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By COLLEEN COBLE
Thomas NelsonCopyright © 2011 Colleen Coble
All right reserved.
Chapter OneSilverware tinkled in the dimly lit dining room of Twenty, an upscale restaurant located inside Charley Creek Inn, a classy boutique hotel. Eden Larson smiled over the top of her glass of water at Kent Huston. He was so intelligent and kind. His blue eyes were filled with intent tonight, and she had known what he had planned from the moment he suggested this place for dinner.
The piano player's voice rose above the music as he sang "Waiting for a Girl Like You." Kent had spoken that very phrase to her often in the year they'd been dating.
"Warm enough?" he asked.
"It's a perfect night."
"In every way," he agreed. "I want to—"
"Kent." She reached across the linen tablecloth and took his hand. "I need to tell you something."
Before he asked her to marry him, he needed to know what baggage she carried. She'd intended to tell him before now—long before. But every time she tried, the pain closed her throat. She wasn't ready to talk about it then, and maybe she wasn't ready now, but he deserved to know.
Kent smiled. "Are you finally going to tell me what brought you to town? I don't really care, Eden. I'm just thankful you're here. I love you."
She wetted her lips. It didn't matter that he said he didn't care. She owed it to him to tell him about her past and the demons that had driven her here to Wabash, Indiana. "Kent ..." The sense of a presence behind her made her pause.
"Eden," a man said.
Her heart seized in her chest. She'd recognize the deep timbre anywhere. It haunted her dreams and its accusing tones punctuated her nightmares. The deep vibrancy of that voice would impress any woman before she ever saw him.
She turned slowly in her upholstered chair and stared up at Clay Larson, who stood under the crystal chandelier that was the centerpiece of the intimate dining room. "Clay."
How could he be here? He hadn't changed a bit. His hair was still just as dark and curly. His dark blue eyes were just as arresting. And her pulse galloped the way it had the first time she'd set eyes on him.
"I need to talk to you," he said, stepping toward her. "It's important."
Oh, she should have told Kent before now. This was the wrong way for him to discover her past. He was beginning to frown as he glanced from her to Clay, whose broad shoulders and vibrant presence loomed over their table. It was going to come out now. All of it. Her pretend life vanished into mist. What had made her think she could escape the past?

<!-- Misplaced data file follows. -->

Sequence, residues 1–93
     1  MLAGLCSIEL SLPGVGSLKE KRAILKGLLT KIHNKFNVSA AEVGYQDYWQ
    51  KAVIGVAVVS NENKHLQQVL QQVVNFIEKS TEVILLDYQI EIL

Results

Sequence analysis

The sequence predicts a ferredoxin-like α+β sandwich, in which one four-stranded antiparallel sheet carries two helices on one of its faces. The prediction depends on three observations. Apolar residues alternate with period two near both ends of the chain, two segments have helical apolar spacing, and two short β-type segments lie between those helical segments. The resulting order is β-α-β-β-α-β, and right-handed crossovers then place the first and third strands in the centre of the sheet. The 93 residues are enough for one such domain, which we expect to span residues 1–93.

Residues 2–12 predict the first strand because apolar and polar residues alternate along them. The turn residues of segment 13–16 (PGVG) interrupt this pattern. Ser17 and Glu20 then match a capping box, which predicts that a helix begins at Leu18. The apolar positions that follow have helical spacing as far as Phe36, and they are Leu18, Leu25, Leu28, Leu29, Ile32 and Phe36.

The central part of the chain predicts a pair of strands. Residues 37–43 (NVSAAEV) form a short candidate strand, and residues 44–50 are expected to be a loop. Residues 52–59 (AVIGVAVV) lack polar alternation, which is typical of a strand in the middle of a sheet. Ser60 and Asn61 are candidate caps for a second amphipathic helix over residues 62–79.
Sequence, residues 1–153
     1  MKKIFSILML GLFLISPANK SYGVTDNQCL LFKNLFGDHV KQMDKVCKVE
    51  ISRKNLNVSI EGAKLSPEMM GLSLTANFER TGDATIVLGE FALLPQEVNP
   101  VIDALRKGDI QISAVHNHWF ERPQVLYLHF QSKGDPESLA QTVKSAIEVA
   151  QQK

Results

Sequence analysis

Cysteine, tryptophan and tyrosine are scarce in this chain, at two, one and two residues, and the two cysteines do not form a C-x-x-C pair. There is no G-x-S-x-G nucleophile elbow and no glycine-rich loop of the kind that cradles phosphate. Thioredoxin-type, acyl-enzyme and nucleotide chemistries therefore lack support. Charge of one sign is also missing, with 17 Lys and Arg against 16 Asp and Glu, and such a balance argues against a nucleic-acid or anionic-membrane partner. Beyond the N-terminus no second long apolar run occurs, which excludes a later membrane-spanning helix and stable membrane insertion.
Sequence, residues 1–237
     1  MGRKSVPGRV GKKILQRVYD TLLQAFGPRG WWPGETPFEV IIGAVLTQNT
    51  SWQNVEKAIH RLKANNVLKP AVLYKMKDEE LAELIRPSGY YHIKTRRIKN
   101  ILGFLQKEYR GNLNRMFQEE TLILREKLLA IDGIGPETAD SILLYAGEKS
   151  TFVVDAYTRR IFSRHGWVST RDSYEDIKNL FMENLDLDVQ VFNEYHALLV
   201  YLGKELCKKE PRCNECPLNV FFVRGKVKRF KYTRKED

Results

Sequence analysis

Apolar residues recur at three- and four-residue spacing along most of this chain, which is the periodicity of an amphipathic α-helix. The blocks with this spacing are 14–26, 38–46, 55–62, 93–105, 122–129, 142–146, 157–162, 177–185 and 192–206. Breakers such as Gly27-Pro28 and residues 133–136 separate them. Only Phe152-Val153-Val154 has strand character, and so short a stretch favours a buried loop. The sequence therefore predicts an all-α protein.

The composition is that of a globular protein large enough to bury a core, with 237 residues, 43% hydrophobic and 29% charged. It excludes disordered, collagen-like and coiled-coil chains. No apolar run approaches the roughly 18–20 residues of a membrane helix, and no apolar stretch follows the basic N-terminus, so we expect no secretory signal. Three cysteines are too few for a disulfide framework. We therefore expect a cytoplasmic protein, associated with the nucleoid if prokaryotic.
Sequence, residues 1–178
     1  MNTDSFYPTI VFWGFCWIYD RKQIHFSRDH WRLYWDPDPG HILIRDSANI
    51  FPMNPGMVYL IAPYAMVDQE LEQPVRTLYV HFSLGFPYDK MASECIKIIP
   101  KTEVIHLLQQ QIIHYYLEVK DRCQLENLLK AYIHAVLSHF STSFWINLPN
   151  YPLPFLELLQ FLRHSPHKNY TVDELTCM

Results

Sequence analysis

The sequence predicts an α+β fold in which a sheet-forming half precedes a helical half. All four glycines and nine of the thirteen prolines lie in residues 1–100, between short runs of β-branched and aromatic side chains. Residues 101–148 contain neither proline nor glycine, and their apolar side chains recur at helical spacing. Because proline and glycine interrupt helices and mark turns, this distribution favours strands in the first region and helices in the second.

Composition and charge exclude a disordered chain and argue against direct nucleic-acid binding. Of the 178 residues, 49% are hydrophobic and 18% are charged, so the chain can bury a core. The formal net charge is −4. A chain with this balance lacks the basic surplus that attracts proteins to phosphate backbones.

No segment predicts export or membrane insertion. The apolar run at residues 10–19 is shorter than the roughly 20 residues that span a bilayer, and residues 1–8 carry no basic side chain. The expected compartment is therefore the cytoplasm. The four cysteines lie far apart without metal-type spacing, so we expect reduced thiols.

"Who are you?" Kent said. "And what right do you have to interrupt a private conversation?"
"The right of a husband," Clay said, his gaze holding her.
"Ex-husband," she managed to say past the tightness of her throat.
"No, Eden. Husband." He held up a sheaf of papers in his right hand.
"What are those?"
"I never signed the divorce papers," he said quietly, just to her. "You're still married to me."
She heard Kent gasp in the silence as the song in the background came to an end. "That's impossible." She stared at Clay, unable to take in what he'd said. "We were divorced over five years ago."
"You sent the papers over five years ago," he corrected. "I just never signed them."
She stared at the blank signature line he showed her. Why had she never followed up? Because she'd been too busy running. "Why not?"
He shook his head. "I had my reasons. Right now, there's something more important to discuss."
"What could be more important?" she asked. Fingers clutched her arm and she turned her head and stared into Kent's face. "I ... I'm so sorry, Kent. I was just about to tell you."
"Tell me that you're married?" Kent's eyes held confusion and hurt. "I don't understand."
She shook her head. "I'm divorced. Or at least I thought I was. I haven't seen Clay in five years."
Kent's frown smoothed out. "I think you'd better leave," he said to Clay. He scooted back in his chair.
She laid a hand on his arm. "Let me handle this," she said. Anger was beginning to replace her stupor and shock. "Why are you here, Clay?"